6. 6. 104     Locke and Braver 6.45, p , .001]. These were followed by computing mea- sures ofAY and BX interference effects (expressed by sub- tracting performance in the BY control condition) for both RT and error measures.As predicted, in terms of errorsAY interference was significantly increased in the reward con- dition (10.6%) relative to both the baseline [0.6%; t(15) 5 3.56, p , .01] and penalty [1.2%; t(15) 5 3.44, p , .01] conditions. There was no significant AY interference for RT. For BX trials, RT interference was significantly re- duced in the reward condition (15 msec) relative to penalty [102 msec; t(15) 5 4.98, p , .001] and was equivalent to baseline [13 msec, t(15) 5 0.097, n.s.]. There was no sig- nificant BX interference for errors. These results support the hypothesis that participants adopted a proactive con- trol strategy in the reward condition, since such a strategy would generally reduce BX interference while increasing interference on AY trials. Lastly, we examined individual difference effects. The dramatic reward-related enhancement of RT led to higher rates of obtained reward than expected from the baseline condition. The average rate of reward during the reward block was 81%, which was over 30% higher than the ex- pected rate of approximately 50% reward set from the baseline reward criterion. However, even though all par- and penalty [4.5% errors, t(15) 5 0.66, n.s.].The main ef- fect of incentive was instead due to increased errors in penalty relative to baseline [t(15) 5 2.98, p , .01]. These results indicate that the reward manipulation was highly successful in altering participants’ performance. The penalty condition was also successful in altering par- ticipants’ performance, since the incentive to avoid no-go errors during this condition resulted in significantly fewer such errors than in the reward condition [penalty 5 1.6%, reward 5 20.6%; t(15) 5 5.024, p , .001]. Additionally, in the penalty condition, significantly fewer no-go errors were made than go errors [no-go 5 1.6%, go 5 4.6%; t(15) 5 4.73, p , .001], though the opposite was true in reward (no go 5 20.6%, go 5 4.5%), yielding a signifi- cant condition 3 trial type interaction [F(1,15) 5 24.23, p , .001]. We next examined performance effects broken down by trial type, in order to reveal any more specific effects of in- centive condition on task strategies (see Table 2 for a sum- mary of results). Repeated measures ANOVAs were con- ducted with within-subjects factors of condition (baseline, reward, penalty) and trial type (AX,AY, BX, BY). Signifi- cant condition 3 trial type interactions were observed for both errors [F(6,90) 5 3.65, p , .01] and RT [F(6,90) 5 Table 1 SustainedActivity Effects of Reward-Related Motivation Brain Region BA Size (mm3) x y z Magnitude (% change) Peak z Score Frontal Lobe Right ventrolateral PFC* 45 216 46 21 18 0.089 2.35 Right midlateral PFC*†   9 270 34 27 27 0.1143 1.91 Right IFJ/premotor cortex*†   6 2,592 32 6 48 0.152 2.52 Dorsal anterior cingulate cortex*† 32 297 216 6 39 0.0659 2.76 Presupplementary motor area*†   6 1,836 10 6 51 0.1421 2.88 Right superior PFC   8 405 20 30 48 0.107 2.36 Right supplementary motor area*†   6 837 20 23 66 0.3042 2.64 Left premotor cortex*   4 486 220 224 66 0.2354 2.42 Right premotor area*   6 378 2 218 75 0.4435 2.91 Right precentral gyrus*†   6 405 50 0 45 0.2467 2.49 Parietal Lobe Right inferior parietal cortex* 40 459 56 239 45 0.1967 2.37 Temporal Lobe Right inferior temporal gyrus* 20 324 56 218 233 0.5165 2.98 Left inferior temporal gyrus 20 540 246 230 227 0.2966 2.65 Left fusiform gyrus*† 37 513 250 251 215 0.2771 2.52 Left parahippocampal gyrus* 28 540 220 227 26 0.1593 2.41 Cerebellum Left inferior posterior cerebellum*† 540 228 278 245 0.3682 4.07 Left inferior lateral cerebellum 405 246 260 242 0.3011 2.47 Left cerebellum*† 2,538 232 263 233 0.1964 3.00 Left medial cerebellum*† 945 210 272 233 0.1225 3.14 Left lateral posterior cerebellum 837 240 278 230 0.6376 2.97 Subcortical Pons* 1,188 22 236 221 0.1601 2.50 Note—Regions showing sustained activation related to reward in terms of Brodmann’s area (BA), center of mass in Talairach coordinates. Magnitude of percentage signal change and peak z value refer to the reward condition. Regions whose center-of-mass coordinates are outside the brain per theTalairach but appear to be within the brain in the image files are listed in italics. Bolded regions exhibited a significant condition (baseline vs. reward) by effect type (item vs. state) interaction, in the selectivity analysis. Regions marked with an * exhibited a significant main effect of time in the baseline block. Regions marked with a † overlap with regions reliably associated with working memory and cognitive control in meta-analyses (Owen et al., 2005;Wager & Smith, 2003). PFC, prefron- tal cortex; IFJ, inferior frontal junction.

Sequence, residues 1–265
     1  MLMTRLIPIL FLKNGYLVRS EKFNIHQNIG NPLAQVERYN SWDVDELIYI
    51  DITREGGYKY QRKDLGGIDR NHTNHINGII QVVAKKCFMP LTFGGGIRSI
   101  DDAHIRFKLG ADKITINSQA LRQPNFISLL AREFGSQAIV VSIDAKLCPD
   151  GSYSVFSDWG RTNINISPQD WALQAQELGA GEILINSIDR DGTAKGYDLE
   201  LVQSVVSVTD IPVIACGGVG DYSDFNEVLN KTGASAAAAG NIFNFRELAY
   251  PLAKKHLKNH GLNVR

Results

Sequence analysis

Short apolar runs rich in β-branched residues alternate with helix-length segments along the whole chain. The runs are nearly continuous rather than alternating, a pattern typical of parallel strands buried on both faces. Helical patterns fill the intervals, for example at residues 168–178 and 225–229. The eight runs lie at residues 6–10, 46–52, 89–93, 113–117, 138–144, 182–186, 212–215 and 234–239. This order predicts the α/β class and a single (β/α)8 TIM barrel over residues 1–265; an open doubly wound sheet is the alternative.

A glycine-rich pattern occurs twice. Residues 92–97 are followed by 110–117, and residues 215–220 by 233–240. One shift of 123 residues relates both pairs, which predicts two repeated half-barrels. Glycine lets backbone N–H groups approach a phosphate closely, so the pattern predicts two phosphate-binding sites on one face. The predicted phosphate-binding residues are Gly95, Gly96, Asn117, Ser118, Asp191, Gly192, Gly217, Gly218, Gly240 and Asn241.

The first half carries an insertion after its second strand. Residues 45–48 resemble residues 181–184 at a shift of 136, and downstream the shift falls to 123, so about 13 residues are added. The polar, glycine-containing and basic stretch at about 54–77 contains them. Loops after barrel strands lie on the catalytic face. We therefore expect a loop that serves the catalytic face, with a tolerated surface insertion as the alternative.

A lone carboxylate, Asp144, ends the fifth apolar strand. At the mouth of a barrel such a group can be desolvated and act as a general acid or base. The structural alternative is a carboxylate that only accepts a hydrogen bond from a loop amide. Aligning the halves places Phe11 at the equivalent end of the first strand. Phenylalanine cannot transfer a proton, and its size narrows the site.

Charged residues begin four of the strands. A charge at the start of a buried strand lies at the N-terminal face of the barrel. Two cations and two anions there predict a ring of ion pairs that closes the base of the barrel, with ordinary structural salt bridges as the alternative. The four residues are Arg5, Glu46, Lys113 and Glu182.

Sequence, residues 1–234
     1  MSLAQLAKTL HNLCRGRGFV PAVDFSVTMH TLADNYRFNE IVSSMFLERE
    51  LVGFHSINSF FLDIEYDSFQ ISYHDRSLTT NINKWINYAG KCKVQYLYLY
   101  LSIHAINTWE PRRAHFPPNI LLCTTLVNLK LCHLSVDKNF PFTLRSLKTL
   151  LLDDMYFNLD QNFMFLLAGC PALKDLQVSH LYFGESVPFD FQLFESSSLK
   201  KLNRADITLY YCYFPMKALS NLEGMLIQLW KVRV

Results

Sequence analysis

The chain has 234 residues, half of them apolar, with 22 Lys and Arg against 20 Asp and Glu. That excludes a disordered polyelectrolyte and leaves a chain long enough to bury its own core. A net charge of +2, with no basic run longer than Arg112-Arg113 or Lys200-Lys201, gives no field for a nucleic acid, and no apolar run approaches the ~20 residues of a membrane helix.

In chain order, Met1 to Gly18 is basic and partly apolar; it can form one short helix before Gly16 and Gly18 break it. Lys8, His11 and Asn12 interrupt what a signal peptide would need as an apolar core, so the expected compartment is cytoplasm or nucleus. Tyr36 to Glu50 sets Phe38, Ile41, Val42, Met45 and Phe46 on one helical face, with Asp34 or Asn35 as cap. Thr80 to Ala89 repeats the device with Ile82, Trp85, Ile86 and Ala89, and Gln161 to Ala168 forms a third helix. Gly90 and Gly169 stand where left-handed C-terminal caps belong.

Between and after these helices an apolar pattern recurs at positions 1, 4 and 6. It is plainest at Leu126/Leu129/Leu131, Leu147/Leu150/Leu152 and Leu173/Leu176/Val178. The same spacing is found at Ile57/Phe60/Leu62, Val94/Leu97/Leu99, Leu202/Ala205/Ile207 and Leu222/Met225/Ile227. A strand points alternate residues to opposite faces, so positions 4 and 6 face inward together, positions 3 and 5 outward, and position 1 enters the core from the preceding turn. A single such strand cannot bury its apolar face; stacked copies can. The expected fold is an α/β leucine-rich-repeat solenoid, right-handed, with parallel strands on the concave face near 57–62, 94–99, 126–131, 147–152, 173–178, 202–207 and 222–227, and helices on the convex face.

7. 7. Motivational Influences     105 CPT performance, and typically associated with working memory and cognitive control functions, also demonstrate sensitivity to reward incentive motivational states. SelectivityAnalysis We next examined whether the reward-related enhance- ment in activity in these regions was selective to sustained responses. To test this issue, the magnitude of the reward incentive effect on event-related responses was compared with the effect on sustained response via a condition 3 ac- tivation dynamics repeated measures ANOVA conducted on the ROIs identified in the previous analysis. Almost all regions (19/21) showed a significant interaction, with the remaining regions showing a marginal interaction. Moreover, in no region was there a significant increase in event-related activity during the reward condition. In fact, the form of the interaction was almost always a crossover pattern in which event-related activity tended to decrease in the reward condition (albeit nonsignificantly), whereas sustained activity increased (see Figure 2 for a graph of activity in the right inferior frontal junction). Looking for regions with high sustained activity, then looking at event-related activity in those regions, may present a biased picture, given that regions with the high- est sustained activity would probably not show as high or higher event-related activity. To address this concern, we investigated whether there were regions that we had not considered that showed both state and item activity in reward. A conjunction analysis looking for reward item activity and reward state activity significantly greater than fixation revealed several parietal and posterior frontal re- gions. However, these regions were no longer significant when constrained to be significantly greater than base- line; this suggested that the activation was not selective to the incentive manipulation. A second follow-up analysis, looking at selectivity with respect to penalty rather than baseline, found similar results. All regions maintained a crossover pattern, although only 11/21 showed a sig- nificant interaction. These results demonstrate that the reward-related motivational context produced a sustained increase in brain activation that was relatively selective, in that it occurred in a network of cognitive control-related regions, even independently of any event-related changes in this network. Alternative interpretations. An alternative interpre- tation of the activity in these regions is that they reflect a greater inhibitory demand in reward than they do in baseline (because baseline did not include no-go trials) or in penalty (because there was less pressure to perform quickly in penalty). To look into this possibility, we exam- ined the reward effect on event-related responses for go trials (separate analyses were done both onAX targets and by averaging all types together) and no-go trials separately, in the previously identified sustained ROIs. If activation in these ROIs primarily reflected changes in inhibitory demand in these regions, we should have predicted greater event-related responses on the no-go inhibitory trials rela- tive to go trials, as had been observed in many previous studies (e.g., Konishi et al., 1999; Liddle, Kiehl, & Smith, 2001). However, this pattern was not evident in the major- ticipants showed an increase in expected reward rate, there was also a high degree of variability across participants, with a range of obtained rewards from 64% to 98% of tri- als. This suggests that participants were affected in vary- ing ways by the reward incentive manipulation. We next examined whether the two personality variables BAS and GRAPES could explain any of this variability. Whereas GRAPES was not correlated with percent reward (r 5 2.042, n.s.), BAS showed a marginally significant corre- lation with percent reward (r 5 .47, p 5 .07).This positive correlation suggests that examination of the neural basis of personality and performance-based variability might be a profitable approach. Imaging Results—SustainedActivity We identified regions showing sustained activation se- lectively in the reward incentive condition. This analysis revealed prominent activation in a number of right lateral- ized dorsal, ventral, and posterior PFC and motor regions, along with activity in additional regions such as the right parietal cortex, the dorsal medial frontal cortex (i.e., an- terior cingulate cortex and presupplementary motor area) and the cerebellum (see Table 1 and Figure 1). Given the exploratory nature of this analysis, we also in- vestigated the extent to which these regions corresponded with regions that had a significant event-related response during task performance in the baseline AX-CPT condi- tion, or were reliably involved during working memory and cognitive control, as assessed in two recent meta-­analyses by Owen et al. (2005) and Wager and Smith (2003). The correspondence was assessed via an explicit overlap analy- sis. The results demonstrated that the majority of regions (17/21) showed significant task-related activity in the form of an event-related response during baseline. Many regions (10/21) also overlapped in anatomic localization with re- gions found to be reliably associated with working mem- ory and cognitive control. The fact that these overlapping regions included the anterior and posterior lateral PFC, the dorsal medial frontal cortex, and the cerebellum sup- ports the idea that brain regions engaged by baseline AX- Table 2 Reaction Times (RTs, in Milliseconds) and Error Rates by Trial Type and Condition Condition Trial Type Baseline Reward Penalty RTs AX 570.73 420.36*** 628.21* AY 714.54 554.28*** 726.23 BX 581.48 426.66*** 701.48** BY 568.33 411.43*** 598.97 Error Rates AX .018 .037 .045** AY .017 .111** .033 BX .056 .057 .08 BY .010 .005 .021 No-go – .206 .016*** Note—For RTs, asterisks indicate a significant difference from base- line. For error rates, asterisks indicate significant difference from base- line for go trials, and from reward for no-go trials.  *p , .05.  **p , .01.  ***p , .001.